A. Nicola McKeown, PhD, an associate professor at the Friedman School and whole grain expert, answers: “Nutrition publications (including this one) often recommend oatmeal—and steel-cut oats in particular—as a healthy, whole-grain, breakfast option.
“After the inedible husk is removed from an oat grain, the resulting groat (inner kernel) can be cut into smaller pieces or steamed and flattened with a roller. The rolling breaks the grain’s structure down, so the resulting product cooks more quickly and has a softer, more consistent texture. Quick or instant oats generally undergo further processing, such as precooking and then drying.
“All oats are nutritious, fiber-rich whole grains and, as long as other ingredients are not added, the nutrient content of all of these products is essentially the same. Among other health-promoting nutrients, oats are rich in beta-glucan, a soluble fiber associated with reducing blood cholesterol levels and colon cancer risk. Cut oats retain more of their intact structure than rolled. They therefore take longer to digest and raise blood sugar levels even more slowly. This may help you feel full longer. What is important to consider is that both rolled and steel-cut oats are a better choice than instant varieties, which boost blood sugar more and are more likely to come with undesirable added ingredients (like sugars).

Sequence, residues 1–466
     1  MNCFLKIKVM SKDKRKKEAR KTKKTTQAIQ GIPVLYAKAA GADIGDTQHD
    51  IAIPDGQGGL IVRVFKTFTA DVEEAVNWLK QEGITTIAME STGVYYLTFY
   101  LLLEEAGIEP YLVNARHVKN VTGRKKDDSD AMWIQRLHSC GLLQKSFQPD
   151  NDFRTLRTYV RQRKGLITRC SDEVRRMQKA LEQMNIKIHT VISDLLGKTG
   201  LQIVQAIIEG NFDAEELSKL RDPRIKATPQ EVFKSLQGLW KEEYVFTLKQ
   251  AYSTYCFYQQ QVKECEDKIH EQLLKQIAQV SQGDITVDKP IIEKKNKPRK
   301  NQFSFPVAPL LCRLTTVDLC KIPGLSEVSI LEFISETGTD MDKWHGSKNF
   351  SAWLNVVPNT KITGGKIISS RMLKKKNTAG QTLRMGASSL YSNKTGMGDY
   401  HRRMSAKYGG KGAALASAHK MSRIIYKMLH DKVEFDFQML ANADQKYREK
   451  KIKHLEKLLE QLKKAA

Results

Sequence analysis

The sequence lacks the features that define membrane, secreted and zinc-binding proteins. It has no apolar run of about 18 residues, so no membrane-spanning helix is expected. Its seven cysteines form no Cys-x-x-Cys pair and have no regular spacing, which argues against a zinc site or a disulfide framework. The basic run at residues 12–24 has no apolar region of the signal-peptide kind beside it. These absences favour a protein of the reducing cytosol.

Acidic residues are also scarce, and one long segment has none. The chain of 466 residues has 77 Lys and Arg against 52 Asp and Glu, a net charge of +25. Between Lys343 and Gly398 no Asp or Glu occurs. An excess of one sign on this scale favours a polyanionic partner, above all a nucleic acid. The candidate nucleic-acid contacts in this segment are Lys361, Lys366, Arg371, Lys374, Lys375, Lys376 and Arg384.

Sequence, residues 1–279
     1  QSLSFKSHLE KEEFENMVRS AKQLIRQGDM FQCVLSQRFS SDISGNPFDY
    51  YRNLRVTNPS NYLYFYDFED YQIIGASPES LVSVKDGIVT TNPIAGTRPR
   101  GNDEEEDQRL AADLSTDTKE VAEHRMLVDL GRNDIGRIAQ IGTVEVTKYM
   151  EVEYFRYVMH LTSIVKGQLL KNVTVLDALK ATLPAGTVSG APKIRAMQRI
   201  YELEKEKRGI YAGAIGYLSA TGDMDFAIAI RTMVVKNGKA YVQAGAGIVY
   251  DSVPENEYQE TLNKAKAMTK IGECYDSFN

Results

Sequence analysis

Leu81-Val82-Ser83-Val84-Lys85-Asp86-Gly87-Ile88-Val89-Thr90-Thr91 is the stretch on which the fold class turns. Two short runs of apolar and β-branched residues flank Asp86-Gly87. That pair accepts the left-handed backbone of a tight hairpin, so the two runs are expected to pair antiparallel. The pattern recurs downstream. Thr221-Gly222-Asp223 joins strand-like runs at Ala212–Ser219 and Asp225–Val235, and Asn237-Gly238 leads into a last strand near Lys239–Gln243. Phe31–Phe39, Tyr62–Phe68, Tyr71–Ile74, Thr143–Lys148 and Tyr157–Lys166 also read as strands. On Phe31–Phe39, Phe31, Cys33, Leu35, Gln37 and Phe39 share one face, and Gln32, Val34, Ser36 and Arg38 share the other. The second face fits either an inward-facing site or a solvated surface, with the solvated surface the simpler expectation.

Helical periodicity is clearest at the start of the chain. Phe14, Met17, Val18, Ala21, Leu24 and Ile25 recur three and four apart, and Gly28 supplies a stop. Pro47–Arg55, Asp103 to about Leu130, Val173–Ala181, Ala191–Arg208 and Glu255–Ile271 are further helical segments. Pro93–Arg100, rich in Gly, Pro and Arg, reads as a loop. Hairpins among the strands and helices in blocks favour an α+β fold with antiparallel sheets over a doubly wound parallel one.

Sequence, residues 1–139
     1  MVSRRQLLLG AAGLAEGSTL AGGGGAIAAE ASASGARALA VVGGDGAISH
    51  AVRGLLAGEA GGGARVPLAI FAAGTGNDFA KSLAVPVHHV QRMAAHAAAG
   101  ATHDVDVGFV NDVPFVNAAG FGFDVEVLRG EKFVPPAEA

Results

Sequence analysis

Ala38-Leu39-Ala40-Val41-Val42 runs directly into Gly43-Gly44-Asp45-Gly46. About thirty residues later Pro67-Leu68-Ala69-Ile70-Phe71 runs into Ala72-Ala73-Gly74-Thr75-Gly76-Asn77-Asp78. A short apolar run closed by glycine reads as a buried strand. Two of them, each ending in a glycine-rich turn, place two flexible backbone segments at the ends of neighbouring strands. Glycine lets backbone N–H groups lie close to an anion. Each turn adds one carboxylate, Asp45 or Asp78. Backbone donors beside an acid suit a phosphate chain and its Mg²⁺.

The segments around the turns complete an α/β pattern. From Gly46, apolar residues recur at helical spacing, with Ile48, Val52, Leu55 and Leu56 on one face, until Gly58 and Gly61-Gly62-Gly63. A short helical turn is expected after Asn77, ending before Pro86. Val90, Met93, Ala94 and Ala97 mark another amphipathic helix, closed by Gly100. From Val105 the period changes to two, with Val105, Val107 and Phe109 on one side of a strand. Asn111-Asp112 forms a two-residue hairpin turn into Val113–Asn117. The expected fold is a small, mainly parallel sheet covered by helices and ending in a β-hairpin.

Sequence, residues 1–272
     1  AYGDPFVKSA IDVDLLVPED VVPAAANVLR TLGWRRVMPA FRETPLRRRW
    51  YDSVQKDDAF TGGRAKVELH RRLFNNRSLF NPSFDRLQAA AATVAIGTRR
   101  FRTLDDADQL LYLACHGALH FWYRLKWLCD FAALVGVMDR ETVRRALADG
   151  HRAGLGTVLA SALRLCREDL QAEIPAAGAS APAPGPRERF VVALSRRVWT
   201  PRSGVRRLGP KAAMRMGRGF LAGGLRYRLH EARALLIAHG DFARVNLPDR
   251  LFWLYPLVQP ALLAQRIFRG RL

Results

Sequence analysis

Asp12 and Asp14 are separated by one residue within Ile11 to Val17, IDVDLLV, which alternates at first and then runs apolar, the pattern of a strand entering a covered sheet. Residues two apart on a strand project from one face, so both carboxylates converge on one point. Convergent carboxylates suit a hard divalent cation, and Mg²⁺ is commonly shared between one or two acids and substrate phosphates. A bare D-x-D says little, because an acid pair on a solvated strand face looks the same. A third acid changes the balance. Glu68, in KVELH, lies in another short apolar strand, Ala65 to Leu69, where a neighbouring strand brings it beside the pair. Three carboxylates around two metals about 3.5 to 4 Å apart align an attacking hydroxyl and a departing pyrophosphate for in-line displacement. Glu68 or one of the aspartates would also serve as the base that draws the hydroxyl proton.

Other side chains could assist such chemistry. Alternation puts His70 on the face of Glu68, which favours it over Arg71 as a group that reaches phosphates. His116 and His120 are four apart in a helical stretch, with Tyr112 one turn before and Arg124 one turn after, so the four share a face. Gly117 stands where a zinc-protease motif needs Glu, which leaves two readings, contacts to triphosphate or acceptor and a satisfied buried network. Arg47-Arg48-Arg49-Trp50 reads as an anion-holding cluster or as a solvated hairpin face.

“Steel-cut oats tend to have a firmer and chewier consistency than rolled. You may find you like them better as the base for a salad, grain bowl, or pilaf. Experiment with the wide variety of other whole grains (like barley, quinoa, bulgur, buckwheat, wheat berries, amaranth, and more), too. You can even eat them warmed with cow’s milk or soymilk and topped with fruit and nuts for a wonderful—if less traditional—breakfast.
“The enjoyment of food is essential not only to perpetuating healthy eating habits, but also to the enjoyment of life. Don’t feel obligated to eat something you don’t enjoy just because it’s ‘good for you!’”